Starting at the beginning, what are spot VM’s?
I compare Spot VM’s to the unsold hotel room or airline seat that you pick up at last minute at a fraction of the cost because you cant sell a service for today, tomorrow.
Essentially, at any point in time the percentage of spare capacity that Microsoft has in Azure will fluctuate enormously. That spare capacity is available to users at a fraction of the cost (up to 90% of the cost compared to PAYG or RI’s) in the form of Spot VM’s.
Spot pricing is available on single VMs in addition to VM scale sets (VMSS) which give you the ability to deploy a wide variety of workloads at a much lower price point. Spot VM’s offer the same characteristics as a pay-as-you-go virtual machine with the exception of (and here’s the catch/limitation) of pricing and evictions.
Spot VM’s can be evicted at any time if Azure needs capacity, making it unsuitable for production workloads.
The type of workload that might be a good candidate for Spot VM’s are the sort of workloads that can that can handle interruptions or don’t need to be completed within a specific period of time. Some examples include but are not limited to:-
- Test and Development
- Batch Jobs
- Stateless applications that need to scale out
- Big Data & Analytics
- Machine Learning
- DevOps e.g. Continuous Integration (CI) and Continuous Delivery (CD)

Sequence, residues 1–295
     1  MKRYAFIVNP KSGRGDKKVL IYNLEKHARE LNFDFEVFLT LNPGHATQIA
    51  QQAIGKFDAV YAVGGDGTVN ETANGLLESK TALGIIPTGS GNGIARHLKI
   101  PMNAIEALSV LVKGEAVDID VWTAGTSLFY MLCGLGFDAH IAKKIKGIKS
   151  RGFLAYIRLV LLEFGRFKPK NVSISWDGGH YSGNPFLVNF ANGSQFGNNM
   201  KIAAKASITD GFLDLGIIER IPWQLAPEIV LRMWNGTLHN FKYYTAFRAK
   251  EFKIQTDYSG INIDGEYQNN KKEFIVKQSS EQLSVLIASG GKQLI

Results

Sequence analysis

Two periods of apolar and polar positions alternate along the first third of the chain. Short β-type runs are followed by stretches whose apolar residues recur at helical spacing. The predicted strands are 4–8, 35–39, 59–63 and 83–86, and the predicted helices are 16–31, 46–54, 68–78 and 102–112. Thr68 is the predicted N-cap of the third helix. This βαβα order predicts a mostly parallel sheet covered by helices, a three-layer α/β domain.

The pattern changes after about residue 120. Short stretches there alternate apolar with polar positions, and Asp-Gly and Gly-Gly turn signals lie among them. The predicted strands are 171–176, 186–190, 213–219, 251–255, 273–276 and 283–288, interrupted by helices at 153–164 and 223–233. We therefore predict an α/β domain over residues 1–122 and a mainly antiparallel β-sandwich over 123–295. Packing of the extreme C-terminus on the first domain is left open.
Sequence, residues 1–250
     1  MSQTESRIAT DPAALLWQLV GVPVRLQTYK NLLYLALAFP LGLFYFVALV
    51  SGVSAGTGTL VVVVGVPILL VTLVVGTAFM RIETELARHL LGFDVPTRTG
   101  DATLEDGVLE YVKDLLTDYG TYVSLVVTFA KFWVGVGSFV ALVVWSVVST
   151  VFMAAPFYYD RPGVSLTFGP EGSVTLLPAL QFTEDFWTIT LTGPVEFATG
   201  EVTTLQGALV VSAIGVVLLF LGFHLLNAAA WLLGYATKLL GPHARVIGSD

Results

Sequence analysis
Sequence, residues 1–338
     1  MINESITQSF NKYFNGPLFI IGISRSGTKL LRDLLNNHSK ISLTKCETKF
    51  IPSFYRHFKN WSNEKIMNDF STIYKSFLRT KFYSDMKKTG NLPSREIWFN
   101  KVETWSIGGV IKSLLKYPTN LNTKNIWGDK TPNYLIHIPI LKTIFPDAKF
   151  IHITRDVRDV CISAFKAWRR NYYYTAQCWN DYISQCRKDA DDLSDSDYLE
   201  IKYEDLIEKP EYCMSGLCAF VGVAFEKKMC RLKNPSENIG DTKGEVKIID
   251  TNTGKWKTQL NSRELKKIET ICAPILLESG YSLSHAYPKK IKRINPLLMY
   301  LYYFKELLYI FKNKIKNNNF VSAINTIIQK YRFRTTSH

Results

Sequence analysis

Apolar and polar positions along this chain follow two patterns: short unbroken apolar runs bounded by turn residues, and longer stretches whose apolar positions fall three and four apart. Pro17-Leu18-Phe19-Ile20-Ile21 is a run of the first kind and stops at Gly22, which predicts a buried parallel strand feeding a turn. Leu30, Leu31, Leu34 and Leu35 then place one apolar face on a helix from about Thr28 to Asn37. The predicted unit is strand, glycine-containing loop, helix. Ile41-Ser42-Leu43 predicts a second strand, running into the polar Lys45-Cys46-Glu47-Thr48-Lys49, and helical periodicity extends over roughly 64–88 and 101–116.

Is it worth it? Well… yes, if you can accept the possibility that you may get evicted and the service in question may experience some temporary interruption, then the price points over time become very compelling. The screen grabs below taken from the Microsoft pricing calculator provide a couple of examples of D series machines and how the cost compares across PAYG, RI’s and Spot.
The main consideration here is about ensuring that the workload is suited to Spot VM’s and you’re aware of the potential to be evicted. That will either be because Microsoft needs the resources back for PAYG workloads or that Spot prices have gone above the max price you defined for the VM.
Further Reading and Resources:
About the Author: Mike Starnes
Mike has worked in the IT Industry for over 20 years. If he's not talking technology, he'll be reading, playing football or trying to embarrass his daughters.